Vulgar Display of Power: Brutalist Architecture.

If you grew up in Milwaukee, WI, like I did – then you might recognize this:

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This is the original Milwaukee Art Museum, before mercifully receiving a newer and less horrifying addition next door in the early 2000s. The original museum looks like something out of a 1950’s monster movie – “The Insect that Ate the World!”

The building is not as bad as it used to be; they’ve added glass walls and tiled facades with slight color variation to take the edge off. But its original design is strange and unsettling, completely without character.

There’s more – The Milwaukee Main Post Office:

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Yet another enormous, repulsive behemoth. Sharp corners, flat walls, hardly a speck of relateable inspiration or beauty to be found. A blight on the cityscape. The rear side is no better:

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The rusted and drippy concrete screams “Abandon hope for ye parcels, all ye who enter here.” If it weren’t for the mail trucks, I’d hardly believe it were a post office. It looks more akin to a damp prison.

The building was recently purchased by a private developing company. With any luck, they’ll transform the whole thing into something less hideous.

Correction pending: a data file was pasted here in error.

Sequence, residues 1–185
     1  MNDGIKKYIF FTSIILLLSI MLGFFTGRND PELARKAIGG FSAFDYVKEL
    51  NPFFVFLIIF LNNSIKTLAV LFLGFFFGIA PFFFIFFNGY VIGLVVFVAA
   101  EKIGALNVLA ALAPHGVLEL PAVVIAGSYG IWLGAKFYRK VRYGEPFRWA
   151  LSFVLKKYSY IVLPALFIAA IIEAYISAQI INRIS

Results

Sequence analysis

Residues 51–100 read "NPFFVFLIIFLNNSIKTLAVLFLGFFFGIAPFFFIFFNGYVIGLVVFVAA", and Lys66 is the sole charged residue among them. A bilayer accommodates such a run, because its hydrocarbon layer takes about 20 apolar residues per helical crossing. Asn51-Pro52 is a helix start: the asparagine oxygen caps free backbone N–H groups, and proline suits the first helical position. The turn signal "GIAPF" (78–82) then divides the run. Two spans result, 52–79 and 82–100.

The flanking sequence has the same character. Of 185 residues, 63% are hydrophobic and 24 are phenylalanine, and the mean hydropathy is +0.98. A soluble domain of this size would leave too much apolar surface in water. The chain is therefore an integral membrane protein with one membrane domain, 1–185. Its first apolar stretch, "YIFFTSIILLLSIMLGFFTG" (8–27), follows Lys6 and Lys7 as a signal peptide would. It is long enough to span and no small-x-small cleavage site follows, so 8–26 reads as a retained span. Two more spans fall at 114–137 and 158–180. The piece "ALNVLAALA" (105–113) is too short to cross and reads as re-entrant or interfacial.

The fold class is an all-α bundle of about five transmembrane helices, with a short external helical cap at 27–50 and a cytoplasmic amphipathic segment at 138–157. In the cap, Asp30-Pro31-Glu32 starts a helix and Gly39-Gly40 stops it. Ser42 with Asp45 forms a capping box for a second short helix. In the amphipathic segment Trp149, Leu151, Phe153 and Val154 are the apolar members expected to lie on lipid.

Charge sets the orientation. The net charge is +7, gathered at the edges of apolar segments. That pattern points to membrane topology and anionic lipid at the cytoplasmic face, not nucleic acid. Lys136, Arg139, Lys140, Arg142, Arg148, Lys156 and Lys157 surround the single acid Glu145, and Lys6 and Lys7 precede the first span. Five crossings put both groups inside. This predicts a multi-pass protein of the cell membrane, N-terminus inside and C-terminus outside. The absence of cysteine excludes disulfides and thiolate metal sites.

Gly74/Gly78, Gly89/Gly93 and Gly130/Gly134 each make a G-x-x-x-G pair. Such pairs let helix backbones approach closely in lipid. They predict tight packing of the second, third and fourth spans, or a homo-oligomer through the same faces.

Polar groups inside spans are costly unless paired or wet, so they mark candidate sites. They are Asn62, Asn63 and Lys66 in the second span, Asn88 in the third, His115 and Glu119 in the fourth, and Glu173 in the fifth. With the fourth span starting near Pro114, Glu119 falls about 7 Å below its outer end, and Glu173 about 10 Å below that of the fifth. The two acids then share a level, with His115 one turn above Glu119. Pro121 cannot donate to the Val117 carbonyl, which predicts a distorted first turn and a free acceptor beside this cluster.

The Marcus Center for the Performing Arts, seen at nighttime. The nearly featureless facade gives it the morbid sense of a dreary mausoleum:

Marcus_Center,_MilwaukeeI will give credit where it’s due – the design has been improved, adding more rounded glass and lighting. It looks marginally less like gigantic, impersonal concrete blocks dropped out of the sky – as it did when first built:

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The Milwaukee Police Headquarters is one of the most terrifying monoliths I’ve ever seen. A garish structure jutting out of the cityscape as if the result of some twisted geological curse:

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The University of Wisconsin-Milwaukee, where I spent two miserable years as a student, has some of the worst examples of all:

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All of the above are examples of “Brutalist” architecture, a neo-modernist style of building that emerged in the 1950’s and continued to see construction into the 1980’s, when the immense ugliness of the style began to realize itself in the public consciousness and lead to a backlash. The “style” encouraged the enormous, featureless, and expansive, emphasizing unnatural cuboid shapes and strange slitted windows.